Mazda 3 And The Dreaded Door Attack

Last modified on May 27th, 2008

A few years ago my mom convinced me that I should finally ditch my 1993 Toyota Tercel (which seemed to be running on only 3 cylinders) and upgrade to something nicer. After spending a few days test driving cars, I finally went out and bought a 2006 Mazda 3 Sport Hatchback.

For the most part, it’s been a really great car. The mileage isn’t super amazing (it’s not that bad either, but definitely no Prius), but it’s fun to drive and it looks pretty sexy (for a hatchback). The only downside is that last year Mazda admitted to a problematic design flaw in the locking mechanism, one that allowed intruders to enter your car simply by banging the door in the correct spot:

If you own a 2004 to 2006 Mazda 3, the cars are are prone to break-ins and Mazda owners aren’t happy.

Casey Archibald and Bev Cunningham are not only friends, they bought the same model car. Now they’re also victims of the same crime. On May 2nd someone broke into his Mazda 3 downtown and the same thing happened to her May 6th outside her house.

“There was a dent just above the drivers handle and the car was open and it had been gone through”, says Cunningham.

“The door was dented and access was gained and only change stolen”, says Archibald.

After checking the internet they discovered they’re not alone. Since early this year Mazda 3 owners in Western Canada been reporting similar break-in’s. First in B.C. and about a month ago in Calgary. In every case there’s a dent in the door above or below the lock. Mazda Canada says it’s been aware of the problem since October 2006 but says it isn’t a defect. They say the same thing could happen to any vehicle.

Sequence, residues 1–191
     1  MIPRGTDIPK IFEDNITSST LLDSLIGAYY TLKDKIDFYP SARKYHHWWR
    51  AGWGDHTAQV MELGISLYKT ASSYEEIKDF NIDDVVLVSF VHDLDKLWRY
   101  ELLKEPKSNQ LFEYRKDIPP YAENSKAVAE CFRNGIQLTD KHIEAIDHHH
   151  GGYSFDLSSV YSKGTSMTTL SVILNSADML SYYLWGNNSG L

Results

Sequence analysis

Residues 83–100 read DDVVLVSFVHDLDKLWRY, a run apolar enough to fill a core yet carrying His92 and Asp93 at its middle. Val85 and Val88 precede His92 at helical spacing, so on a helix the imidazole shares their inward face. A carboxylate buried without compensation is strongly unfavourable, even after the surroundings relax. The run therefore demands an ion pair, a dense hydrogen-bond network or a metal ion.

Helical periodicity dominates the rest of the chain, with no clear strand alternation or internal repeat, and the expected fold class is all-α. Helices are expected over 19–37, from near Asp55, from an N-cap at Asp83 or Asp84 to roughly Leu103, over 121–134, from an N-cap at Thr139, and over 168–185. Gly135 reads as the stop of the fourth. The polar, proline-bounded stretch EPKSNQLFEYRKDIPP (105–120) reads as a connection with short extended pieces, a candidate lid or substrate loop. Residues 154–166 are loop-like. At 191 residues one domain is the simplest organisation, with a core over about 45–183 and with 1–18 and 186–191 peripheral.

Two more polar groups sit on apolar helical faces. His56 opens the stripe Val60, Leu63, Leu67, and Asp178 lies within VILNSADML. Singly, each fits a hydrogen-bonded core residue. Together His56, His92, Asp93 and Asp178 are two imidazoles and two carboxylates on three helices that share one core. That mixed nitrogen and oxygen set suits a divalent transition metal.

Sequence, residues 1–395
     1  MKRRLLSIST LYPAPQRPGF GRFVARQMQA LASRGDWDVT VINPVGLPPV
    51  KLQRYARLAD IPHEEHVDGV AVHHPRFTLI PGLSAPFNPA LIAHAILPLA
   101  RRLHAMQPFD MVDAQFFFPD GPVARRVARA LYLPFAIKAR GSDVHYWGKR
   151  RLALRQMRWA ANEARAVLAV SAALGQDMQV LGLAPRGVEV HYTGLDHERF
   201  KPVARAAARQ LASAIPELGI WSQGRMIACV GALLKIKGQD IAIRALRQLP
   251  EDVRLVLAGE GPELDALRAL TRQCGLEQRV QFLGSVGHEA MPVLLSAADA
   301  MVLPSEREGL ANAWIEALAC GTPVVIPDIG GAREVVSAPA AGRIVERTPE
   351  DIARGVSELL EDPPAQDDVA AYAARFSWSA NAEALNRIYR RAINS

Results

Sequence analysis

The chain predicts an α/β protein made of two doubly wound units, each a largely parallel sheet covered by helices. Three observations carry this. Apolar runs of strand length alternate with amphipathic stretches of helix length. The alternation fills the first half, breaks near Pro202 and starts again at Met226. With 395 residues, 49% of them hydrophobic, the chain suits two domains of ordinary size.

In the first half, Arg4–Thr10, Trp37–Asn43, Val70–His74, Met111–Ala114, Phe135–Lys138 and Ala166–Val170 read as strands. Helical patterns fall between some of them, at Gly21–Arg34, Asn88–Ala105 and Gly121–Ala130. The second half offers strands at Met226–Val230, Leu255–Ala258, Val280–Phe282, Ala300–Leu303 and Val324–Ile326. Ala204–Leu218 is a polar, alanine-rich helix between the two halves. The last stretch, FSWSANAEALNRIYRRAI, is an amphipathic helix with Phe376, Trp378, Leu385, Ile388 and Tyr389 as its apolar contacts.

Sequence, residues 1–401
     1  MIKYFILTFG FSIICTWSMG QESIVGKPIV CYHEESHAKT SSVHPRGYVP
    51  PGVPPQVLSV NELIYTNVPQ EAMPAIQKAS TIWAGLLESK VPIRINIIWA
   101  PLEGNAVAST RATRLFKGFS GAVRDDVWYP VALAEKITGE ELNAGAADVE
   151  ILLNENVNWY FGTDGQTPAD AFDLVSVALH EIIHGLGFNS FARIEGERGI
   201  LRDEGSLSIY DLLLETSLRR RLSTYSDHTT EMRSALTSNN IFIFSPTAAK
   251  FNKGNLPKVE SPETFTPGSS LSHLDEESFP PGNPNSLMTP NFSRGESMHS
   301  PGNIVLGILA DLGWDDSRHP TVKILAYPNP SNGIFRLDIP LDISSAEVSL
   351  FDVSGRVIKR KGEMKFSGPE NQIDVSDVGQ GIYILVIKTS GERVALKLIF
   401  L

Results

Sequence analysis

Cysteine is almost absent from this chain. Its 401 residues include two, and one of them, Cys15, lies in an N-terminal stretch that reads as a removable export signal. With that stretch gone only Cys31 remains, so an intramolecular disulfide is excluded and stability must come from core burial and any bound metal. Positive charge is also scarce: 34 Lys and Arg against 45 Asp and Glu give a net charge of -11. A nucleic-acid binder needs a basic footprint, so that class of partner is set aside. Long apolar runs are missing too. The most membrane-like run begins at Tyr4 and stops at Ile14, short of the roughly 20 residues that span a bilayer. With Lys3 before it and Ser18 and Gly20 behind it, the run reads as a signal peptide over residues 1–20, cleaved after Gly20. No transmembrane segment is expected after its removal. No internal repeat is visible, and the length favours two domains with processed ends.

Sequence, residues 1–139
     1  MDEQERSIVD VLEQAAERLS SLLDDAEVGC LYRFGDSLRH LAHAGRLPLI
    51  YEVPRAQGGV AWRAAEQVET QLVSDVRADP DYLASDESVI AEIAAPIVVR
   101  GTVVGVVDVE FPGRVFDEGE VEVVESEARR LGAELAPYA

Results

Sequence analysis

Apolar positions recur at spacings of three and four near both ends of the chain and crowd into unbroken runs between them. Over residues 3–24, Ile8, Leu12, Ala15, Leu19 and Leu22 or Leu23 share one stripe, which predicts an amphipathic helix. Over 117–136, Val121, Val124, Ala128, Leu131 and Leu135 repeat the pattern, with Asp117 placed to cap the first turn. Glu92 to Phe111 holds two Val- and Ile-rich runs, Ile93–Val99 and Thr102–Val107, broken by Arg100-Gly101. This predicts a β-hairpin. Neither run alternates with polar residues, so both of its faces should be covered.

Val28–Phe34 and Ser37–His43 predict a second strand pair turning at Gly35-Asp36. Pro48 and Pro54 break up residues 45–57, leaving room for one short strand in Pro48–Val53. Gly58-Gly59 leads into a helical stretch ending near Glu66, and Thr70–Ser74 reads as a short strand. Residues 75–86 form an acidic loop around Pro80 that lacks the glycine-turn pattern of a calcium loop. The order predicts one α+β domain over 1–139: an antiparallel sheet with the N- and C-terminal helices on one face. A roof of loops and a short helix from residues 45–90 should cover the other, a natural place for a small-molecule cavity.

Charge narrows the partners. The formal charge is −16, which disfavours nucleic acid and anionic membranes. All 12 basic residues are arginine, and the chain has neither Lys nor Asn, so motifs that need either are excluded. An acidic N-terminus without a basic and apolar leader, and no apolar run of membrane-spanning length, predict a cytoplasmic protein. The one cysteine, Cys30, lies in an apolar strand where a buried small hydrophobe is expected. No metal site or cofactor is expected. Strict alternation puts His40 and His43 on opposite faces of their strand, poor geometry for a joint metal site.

I received a letter in the mail from Mazda about six months ago saying that they’d install a hard metal plate behind the door panels to prevent that type of break-in. I hadn’t really thought about it since, but since I noticed a nice big dent on my passenger door last week (which may or may not be related, but it’s definitely possible someone was trying to gain entry), I decided to go do something about it.

So yesterday I dropped my car off down at the Mazda dealership on Hastings. They installed the metal plate thing, and also added a shock sensor to the built-in alarm system so that any hit on the car will set off the alarm. And while I guess it’s a good way to prevent people from actually gaining entry to the car, it doesn’t really stop anyone from trying to enter it by putting a big dent in the side. As it is I’m already looking at $300 and a whack of my own time to fix the current dent.

Hopefully as more people take the free upgrade from Mazda thieves will be less and less likely to attempt to break into this car. I’ve read stories of some people on the internet being broken into this way every few weeks or so in Calgary, and I’m thankful my car hasn’t experienced anything like that.